More and more real property owners across the country are finding themselves in the enviable position of receiving an out-of-the-blue offer to lease space on their property for a cellular telecommunications antenna site. Normally, the space sought is a small, little-used or unused portion of the property, such as a portion of a rooftop or the back of a parking lot.
But while almost any property owner will be interested in generating income from an unused portion of his property, cell site leases are a different animal and the smart owner will not simply jump at any offer. These differences exist in even the most basic ways. For example:
• Parties – Frequently, a 3rd-party site acquisitions specialist will be the only representative working with the owner, yet his negotiation authority is not absolute. This can cause confusion and delay. Having this specialist clarify his relationship with the actual tenant early on will help, as will an early understanding of who that tenant is – a telecommunications carrier such as T-Mobile or Nextel, or a “tower company” who will turn around and sublease to carriers? The type of tenant can impact major deal points such as structuring the rent.
• Term – For business reasons such as high front-end costs, cell site tenants will normally require much longer terms than other commercial real estate tenants. The desired term is typically 5 years with 5 or 6 renewal terms, for a potential 30 to 35 -year term. It is important for owners to consider how this long duration could impact future plans for the property (redevelopment, for example), and requires special attention to rent escalation provisions.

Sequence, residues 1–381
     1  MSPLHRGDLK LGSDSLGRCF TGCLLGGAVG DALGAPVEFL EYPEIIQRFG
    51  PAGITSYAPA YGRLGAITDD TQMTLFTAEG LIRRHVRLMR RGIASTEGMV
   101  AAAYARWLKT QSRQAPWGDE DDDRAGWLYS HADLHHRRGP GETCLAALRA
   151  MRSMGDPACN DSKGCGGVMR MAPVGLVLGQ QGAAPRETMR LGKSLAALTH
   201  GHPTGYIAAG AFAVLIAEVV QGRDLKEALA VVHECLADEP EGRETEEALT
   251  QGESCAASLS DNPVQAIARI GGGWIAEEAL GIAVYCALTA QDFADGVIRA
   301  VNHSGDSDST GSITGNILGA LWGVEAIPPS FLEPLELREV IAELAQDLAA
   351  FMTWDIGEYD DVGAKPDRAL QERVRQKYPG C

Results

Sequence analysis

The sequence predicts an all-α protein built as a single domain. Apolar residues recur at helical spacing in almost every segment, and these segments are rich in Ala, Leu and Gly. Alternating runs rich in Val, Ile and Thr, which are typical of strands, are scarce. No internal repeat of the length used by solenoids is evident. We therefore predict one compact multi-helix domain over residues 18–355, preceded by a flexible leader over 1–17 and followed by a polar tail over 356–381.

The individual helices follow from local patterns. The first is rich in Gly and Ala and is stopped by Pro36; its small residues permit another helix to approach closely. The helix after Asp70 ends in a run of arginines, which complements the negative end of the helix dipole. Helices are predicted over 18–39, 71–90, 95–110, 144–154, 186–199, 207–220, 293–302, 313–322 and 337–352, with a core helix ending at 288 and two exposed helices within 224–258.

• Rent – Market data is very difficult to come by, and as a result owners have difficulty determining a reasonable rent to charge. Site acquisition reps may use this lack of information, as well as owners’ naivety of the industry, to seek a low-ball rent figure. Further complicating matters are (a) the long-term nature of the lease and the need for reasonable escalators, (b) the fact that many tenants will sublease to multiple carriers, the profits from which owners should expect a share, and (c) technological unfamiliarity and uncertainties. This third point exacerbates the prior two – for example, how will changing technology alter the capabilities and value of an antenna site?
• Leverage – Another difficulty for the owner is that he doesn’t know how much leverage he has. His site may fill a key coverage gap, or it may be one of numerous equivalent sites available to the potential tenant. If a property owner is willing to play hardball, he might learn that he has quite a bit of leverage.
While the basic business issues create several issues for owners to consider when negotiating a cellular telecommunications site lease, the “legal language” of the agreement deserves careful attention in its own right. We will delve into that topic here in the near future.
Scott M. Toussaint, Real Estate Group